The French philosopher Pierre Nora explains the difference between memory and history. According to him, traditional memory has vanished: we are no longer capable ofremembering unconsciously. Instead, we accumulate fragments, images, and documents from the past, with the intention of having evidence of that time that is gone, but “we cannot know in advance what should be remembered” (Nora, 1989). Memory is a living system; it is in constant evolution. We deform, manipulate, and revive those old events, places and people. Nora’s understanding of memory explains my fascination with old documents: I collect and work with old family photographs, found images, books and nature elements to draw physical connections between memory, history, and identity.
Who were these people? Why are their photos on sale in remote vintage stores? What happened to them, to their families? Are they dead? Did they ever exist?
"28 Days" is a project by the artist Lara Mossler in which she invited me to explore my hormonal cycle. By following a guided meditation designed to help us look for a connection between the flow of our hormones and their influences on our feelings and ways of thinking, I produced 28 photo collages, one per day during a complete cycle, in response to the introspections that originated in the daily meditation.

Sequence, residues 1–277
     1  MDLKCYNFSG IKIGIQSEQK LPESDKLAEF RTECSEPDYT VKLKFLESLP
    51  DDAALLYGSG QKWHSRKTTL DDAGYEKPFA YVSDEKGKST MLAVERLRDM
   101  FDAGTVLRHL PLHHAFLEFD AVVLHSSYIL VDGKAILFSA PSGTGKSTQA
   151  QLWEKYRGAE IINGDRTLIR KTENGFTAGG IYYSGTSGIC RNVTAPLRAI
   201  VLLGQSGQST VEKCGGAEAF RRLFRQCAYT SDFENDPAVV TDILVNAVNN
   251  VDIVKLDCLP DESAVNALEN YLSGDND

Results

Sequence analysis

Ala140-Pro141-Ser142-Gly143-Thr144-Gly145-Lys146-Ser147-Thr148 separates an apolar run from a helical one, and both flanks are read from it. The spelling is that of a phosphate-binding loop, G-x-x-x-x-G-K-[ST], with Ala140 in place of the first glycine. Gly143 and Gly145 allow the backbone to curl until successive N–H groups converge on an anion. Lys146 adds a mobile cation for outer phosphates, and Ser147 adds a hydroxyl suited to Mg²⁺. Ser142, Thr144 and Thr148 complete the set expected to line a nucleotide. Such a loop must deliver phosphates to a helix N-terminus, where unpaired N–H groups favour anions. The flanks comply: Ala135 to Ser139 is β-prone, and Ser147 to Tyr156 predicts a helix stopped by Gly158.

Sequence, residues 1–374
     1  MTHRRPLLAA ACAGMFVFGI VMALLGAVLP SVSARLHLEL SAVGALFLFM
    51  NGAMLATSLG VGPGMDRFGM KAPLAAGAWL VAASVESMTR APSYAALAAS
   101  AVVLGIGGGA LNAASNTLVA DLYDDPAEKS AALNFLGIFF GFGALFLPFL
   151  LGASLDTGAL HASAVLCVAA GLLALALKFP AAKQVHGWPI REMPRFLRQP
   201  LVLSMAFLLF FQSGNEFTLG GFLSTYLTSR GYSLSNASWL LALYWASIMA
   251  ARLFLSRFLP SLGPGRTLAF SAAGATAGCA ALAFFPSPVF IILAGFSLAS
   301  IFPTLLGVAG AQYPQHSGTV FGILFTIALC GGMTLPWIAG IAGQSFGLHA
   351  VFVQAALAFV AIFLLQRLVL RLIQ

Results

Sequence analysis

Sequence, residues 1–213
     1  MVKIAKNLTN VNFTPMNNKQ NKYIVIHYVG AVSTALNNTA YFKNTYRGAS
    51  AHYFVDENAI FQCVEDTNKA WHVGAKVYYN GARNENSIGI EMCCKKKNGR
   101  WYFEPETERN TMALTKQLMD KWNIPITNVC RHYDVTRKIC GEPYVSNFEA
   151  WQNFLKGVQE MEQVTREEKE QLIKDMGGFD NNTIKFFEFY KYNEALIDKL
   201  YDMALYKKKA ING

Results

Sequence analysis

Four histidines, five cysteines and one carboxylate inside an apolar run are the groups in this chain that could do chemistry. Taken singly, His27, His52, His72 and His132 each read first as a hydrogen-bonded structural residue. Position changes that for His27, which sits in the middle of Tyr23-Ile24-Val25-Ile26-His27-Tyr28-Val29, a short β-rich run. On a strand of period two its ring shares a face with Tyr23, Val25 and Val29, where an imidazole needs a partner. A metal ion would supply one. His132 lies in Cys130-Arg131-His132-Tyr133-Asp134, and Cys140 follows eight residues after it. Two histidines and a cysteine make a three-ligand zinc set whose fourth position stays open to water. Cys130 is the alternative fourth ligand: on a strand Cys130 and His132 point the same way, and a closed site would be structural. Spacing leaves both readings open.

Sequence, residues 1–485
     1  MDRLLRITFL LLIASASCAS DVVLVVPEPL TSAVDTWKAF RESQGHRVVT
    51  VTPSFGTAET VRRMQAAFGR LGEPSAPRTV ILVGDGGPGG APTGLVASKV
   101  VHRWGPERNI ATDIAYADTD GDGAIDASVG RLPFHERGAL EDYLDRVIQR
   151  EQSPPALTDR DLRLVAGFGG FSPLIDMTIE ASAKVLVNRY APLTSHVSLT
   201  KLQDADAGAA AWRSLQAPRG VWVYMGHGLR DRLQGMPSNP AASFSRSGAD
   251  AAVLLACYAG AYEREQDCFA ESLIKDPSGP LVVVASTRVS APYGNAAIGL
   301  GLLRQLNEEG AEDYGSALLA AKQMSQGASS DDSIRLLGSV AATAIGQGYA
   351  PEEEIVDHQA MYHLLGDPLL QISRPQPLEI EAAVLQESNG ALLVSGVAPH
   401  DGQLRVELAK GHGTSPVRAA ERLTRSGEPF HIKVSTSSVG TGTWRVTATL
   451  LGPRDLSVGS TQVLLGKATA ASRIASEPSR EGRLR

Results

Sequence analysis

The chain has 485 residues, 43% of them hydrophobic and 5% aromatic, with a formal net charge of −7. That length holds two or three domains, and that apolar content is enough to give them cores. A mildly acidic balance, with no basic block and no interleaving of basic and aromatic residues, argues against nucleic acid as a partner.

In this project, I also explore the fictionalizing quality of memory by choosing women from those forgotten images, and by transposing them from their original environments to ambiguous territories located somewhere in between time and space. These hybrid compositions re-signify old memories by staging my personal understanding of womanhood, memory, death, and nature.